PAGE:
Eagle watching in Wisconsin was once impossible. In the winter of 1987-1988, 1000 Islands Environmental Center in Kaukuana, Wisconsin, was the location of the first bald eagle sighting in decades. Slowly and steadily, thanks to many legal protections and regulations (including those offered by the Endangered Species Act and the Environmental Protection Agency), those wintering eagle populations have grown.
We’ve come a long way
Today, bald eagles are flourishing all over the country, but especially in the Fox Valley area; what began as two eagles is now 250 eagles and rising.
In celebration of this growth, the 1000 Islands Environmental Center created an annual event to highlight the importance of the Fox River as home to many wintering eagles, and tell the history and ecology of our nation’s symbol. Thanks to a C.D. Besadny Conservation Grant from the Natural Resources Foundation of Wisconsin, in 2017 we were able to hold our 5th Annual event, and give visitors a chance to see bald eagles in the wild. There’s nothing like watching a steady stream of bald eagles fly off to feeding areas at sunrise or back to their roosts at sunset.
Through this free event we reached close to 1,300 visitors from three different states and 50 communities. The day included guided eagle viewing as well as many hands-on activities and formal presentations inside the Center.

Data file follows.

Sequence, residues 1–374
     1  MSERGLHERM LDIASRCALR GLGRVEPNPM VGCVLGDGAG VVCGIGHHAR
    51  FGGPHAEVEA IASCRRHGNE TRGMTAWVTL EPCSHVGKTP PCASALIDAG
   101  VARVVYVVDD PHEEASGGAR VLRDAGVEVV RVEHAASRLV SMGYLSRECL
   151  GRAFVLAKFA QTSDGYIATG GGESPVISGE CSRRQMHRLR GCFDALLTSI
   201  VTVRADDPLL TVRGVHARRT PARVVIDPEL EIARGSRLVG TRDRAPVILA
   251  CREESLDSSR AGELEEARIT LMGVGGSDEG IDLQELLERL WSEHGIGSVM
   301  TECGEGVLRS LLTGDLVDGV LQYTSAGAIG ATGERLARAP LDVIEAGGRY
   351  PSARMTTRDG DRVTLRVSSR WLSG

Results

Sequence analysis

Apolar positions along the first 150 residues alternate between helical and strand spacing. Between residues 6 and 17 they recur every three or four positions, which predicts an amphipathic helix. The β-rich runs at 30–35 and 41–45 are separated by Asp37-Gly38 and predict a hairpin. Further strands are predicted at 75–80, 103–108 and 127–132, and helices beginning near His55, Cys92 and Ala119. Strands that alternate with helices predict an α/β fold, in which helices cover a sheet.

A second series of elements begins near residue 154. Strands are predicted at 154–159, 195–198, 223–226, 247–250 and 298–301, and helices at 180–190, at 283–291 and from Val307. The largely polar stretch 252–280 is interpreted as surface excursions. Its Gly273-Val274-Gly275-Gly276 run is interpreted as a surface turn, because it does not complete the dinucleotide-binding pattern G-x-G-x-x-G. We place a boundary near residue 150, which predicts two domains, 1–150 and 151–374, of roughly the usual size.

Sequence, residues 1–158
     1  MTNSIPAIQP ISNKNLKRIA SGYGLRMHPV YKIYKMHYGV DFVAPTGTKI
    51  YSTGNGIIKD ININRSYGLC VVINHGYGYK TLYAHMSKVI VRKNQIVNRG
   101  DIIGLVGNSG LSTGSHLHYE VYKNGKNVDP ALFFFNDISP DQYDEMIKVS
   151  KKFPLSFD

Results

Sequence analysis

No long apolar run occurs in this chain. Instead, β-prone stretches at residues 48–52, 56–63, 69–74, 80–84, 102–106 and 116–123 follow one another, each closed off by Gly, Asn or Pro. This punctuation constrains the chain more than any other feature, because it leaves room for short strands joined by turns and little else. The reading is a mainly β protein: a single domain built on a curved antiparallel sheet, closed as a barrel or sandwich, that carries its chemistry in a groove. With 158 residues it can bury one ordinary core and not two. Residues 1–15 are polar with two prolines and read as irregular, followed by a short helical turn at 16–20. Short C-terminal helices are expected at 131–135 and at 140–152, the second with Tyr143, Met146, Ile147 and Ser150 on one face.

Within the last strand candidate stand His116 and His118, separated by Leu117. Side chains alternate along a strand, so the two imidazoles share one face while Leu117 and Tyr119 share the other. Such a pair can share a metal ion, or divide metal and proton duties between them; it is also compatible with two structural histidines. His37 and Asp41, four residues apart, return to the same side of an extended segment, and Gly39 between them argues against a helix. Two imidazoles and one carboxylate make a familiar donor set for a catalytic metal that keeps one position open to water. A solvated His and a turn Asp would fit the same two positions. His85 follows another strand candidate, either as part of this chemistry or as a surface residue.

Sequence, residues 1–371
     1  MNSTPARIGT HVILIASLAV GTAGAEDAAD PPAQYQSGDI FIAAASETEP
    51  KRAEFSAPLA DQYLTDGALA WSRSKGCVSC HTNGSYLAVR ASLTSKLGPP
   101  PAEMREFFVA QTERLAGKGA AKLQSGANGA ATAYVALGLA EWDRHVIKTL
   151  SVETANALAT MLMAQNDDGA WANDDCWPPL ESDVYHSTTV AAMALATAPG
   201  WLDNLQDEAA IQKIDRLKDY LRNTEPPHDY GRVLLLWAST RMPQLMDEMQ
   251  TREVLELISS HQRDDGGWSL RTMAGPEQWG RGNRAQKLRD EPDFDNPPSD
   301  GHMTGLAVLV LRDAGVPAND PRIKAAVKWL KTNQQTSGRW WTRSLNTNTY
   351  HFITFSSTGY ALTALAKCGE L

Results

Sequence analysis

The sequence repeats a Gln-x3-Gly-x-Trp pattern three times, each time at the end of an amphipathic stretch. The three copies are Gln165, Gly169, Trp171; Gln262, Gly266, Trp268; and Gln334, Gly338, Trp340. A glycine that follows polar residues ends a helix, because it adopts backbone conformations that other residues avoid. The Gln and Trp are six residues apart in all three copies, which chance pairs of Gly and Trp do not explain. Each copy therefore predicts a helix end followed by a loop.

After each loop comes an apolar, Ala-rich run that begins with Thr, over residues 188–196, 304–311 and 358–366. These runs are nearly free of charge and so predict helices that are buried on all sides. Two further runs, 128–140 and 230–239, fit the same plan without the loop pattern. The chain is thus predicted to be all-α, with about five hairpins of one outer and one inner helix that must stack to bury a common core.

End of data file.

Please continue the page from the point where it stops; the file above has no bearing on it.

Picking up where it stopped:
In 2017, we were thrilled to have Wildlife of Wisconsin, a local wildlife rehabilitation facility, join us to share information on the threats that
bald eagles as well as other raptors face today. Just like putting together a puzzle, wildlife rehabilitators often have to piece together observations, blood work and x-rays in order to diagnose ailing eagles and create a treatment plan that will work. Visitors learned that in addition to facing continued habitat loss, bald eagles are struggling with lead poisoning caused by accidentally ingesting bullets.
Up close with a bald eagle
The biggest draw for visitors to Eagle Days has been the chance to see a live bald eagle from the National Eagle Center in Wabasha, MN. Jennifer Drayna, a naturalist and educator, and her eagle, Angel, shared a wealth of knowledge to two packed crowds. The opportunity to see a live bald eagle up close is a once-in-a-lifetime experience for many. To know a bald eagle has a 6 to 7 foot wingspan is one thing. To feel the movement of air as it flaps those wings is completely different.
Help save bald eagles
Make a small change that can make a big difference: Lead contamination in the environment from stray or fractured bullets and lead-based fishing tackle hurts eagle populations. Hunters and anglers can help by replacing lead bullets or sinkers with ammunition and gear made from other metals.
By Debra Nowak, naturalist with 1000 Islands Environmental Center